SafeSep 13th, 2013 | By Editorial Staff | Category: Jack Schrock's Blog
The word has different meanings depending on the situation. Safe for the F16 fighter pilot means he successfully dodged that last missile, but it means something entirely different when talking about grandmother climbing the stairs. You can also be “safe” at home plate, which translates to another run scored or safe in your remarks which says your comments are moderate to neutral. And for T & R, what might be considered safe for work on the lower 40 probably is not safe along an interstate highway.
But, what does safe generally mean for towers and other first responders? Given the chance to offer an uneducated opinion, I would define this “safe” as a situation in which “the odds of further damage or injury have been reduced through training, experience and preparation.” The opposite of safe is hazardous which means that … ”the odds of further damage or injury are increased by the lack of training, experience and preparation.”
To me, safe at the incident scene means taking a few moments to first size up the situation because without a plan all we’re doing is trying to impress someone with just how hard we’re working to clear the scene. When you plan your work you come to know and understand the various elements, and knowing that, unsafe situations are revealed.That is when training, experience and preparation kick in.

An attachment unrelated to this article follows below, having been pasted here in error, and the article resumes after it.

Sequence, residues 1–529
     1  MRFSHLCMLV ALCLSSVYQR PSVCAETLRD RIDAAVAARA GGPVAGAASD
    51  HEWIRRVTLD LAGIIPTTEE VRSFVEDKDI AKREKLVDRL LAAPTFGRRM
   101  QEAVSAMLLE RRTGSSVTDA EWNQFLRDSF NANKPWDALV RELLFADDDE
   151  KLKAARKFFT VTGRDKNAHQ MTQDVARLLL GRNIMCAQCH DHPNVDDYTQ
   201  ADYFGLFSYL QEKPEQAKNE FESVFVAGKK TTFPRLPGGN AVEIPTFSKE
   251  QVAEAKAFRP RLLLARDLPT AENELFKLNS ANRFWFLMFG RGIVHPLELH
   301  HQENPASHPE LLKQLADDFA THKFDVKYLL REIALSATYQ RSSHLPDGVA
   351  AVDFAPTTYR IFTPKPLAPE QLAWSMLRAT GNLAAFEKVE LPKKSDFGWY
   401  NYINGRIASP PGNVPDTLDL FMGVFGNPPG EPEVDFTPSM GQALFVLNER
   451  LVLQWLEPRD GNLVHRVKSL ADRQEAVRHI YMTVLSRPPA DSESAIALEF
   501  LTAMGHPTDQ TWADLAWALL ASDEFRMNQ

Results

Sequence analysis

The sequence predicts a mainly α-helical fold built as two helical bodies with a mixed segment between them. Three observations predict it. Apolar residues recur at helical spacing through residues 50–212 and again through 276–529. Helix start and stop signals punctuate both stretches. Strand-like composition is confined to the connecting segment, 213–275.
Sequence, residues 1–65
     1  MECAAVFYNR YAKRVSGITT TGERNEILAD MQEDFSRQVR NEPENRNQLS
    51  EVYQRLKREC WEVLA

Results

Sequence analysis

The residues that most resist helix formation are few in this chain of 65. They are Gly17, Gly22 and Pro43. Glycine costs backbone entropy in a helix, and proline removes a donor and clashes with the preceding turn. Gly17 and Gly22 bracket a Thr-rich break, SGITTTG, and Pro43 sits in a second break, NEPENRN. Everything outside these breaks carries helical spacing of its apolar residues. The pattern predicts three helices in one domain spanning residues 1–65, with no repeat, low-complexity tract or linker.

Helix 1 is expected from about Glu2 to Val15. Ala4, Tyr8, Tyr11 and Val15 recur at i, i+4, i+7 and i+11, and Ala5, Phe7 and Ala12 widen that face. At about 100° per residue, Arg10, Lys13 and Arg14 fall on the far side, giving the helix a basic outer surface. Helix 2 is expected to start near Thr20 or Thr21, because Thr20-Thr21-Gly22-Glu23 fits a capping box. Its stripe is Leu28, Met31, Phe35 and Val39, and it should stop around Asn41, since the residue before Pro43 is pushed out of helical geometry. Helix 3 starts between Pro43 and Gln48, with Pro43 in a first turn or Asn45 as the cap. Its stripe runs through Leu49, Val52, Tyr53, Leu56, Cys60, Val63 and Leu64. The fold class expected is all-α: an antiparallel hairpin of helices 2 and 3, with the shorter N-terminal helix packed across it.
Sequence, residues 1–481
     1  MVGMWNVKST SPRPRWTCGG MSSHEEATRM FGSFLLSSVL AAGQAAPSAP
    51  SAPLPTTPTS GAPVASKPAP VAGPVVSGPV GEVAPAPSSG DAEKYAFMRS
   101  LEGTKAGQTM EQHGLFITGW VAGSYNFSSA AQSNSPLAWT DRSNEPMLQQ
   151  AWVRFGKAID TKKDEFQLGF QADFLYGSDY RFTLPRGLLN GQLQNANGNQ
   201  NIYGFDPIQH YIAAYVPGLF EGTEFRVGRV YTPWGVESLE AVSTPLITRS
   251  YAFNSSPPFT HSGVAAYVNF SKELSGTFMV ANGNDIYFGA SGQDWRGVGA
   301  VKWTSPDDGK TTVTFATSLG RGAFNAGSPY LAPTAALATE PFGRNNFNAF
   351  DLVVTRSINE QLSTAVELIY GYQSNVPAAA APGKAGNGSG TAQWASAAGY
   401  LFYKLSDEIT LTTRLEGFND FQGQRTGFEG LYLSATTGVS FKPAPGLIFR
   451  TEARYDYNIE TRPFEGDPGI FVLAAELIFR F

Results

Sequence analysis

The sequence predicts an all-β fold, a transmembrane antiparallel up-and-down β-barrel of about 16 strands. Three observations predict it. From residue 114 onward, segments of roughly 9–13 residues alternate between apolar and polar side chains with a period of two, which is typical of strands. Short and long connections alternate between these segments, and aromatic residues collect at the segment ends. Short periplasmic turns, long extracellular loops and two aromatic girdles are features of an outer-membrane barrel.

While working with an electric stud gun in the top of a missile silo there was a guy who was too macho to use either a safety helmet or harness. The stud gun shorted through his attachment chain, which released him to fall to the bottom of the silo. More to our point, we all know of towers who pay no particular attention to the color of clothes they wear so on a dark rainy night it’s almost impossible to see a person in a dark shirt and pants, especially if he’s some distance away. Remember, black absorbs light while white reflects it.
So, unless you’re inclined to work only in your birthday suit, I suggest bright clothing (reflective at night or low visibility) along with a hard hat, gloves, safety cones and lights — not popping strobes but illumination because that is the best way to make a bad situation safer. Leave the macho man at the bar, be safe and be around tomorrow.